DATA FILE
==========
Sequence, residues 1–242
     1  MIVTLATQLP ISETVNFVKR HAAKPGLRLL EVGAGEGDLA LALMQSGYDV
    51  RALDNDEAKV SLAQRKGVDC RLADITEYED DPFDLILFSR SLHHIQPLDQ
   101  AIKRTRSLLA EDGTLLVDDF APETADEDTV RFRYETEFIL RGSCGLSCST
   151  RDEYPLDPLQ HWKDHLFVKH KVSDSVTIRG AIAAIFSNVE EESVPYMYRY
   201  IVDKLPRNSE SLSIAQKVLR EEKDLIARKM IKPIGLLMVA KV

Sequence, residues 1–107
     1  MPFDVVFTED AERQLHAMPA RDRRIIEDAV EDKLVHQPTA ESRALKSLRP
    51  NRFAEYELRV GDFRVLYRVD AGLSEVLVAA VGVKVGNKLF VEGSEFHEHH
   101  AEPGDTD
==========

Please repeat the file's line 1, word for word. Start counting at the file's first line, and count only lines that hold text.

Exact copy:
Sequence, residues 1–242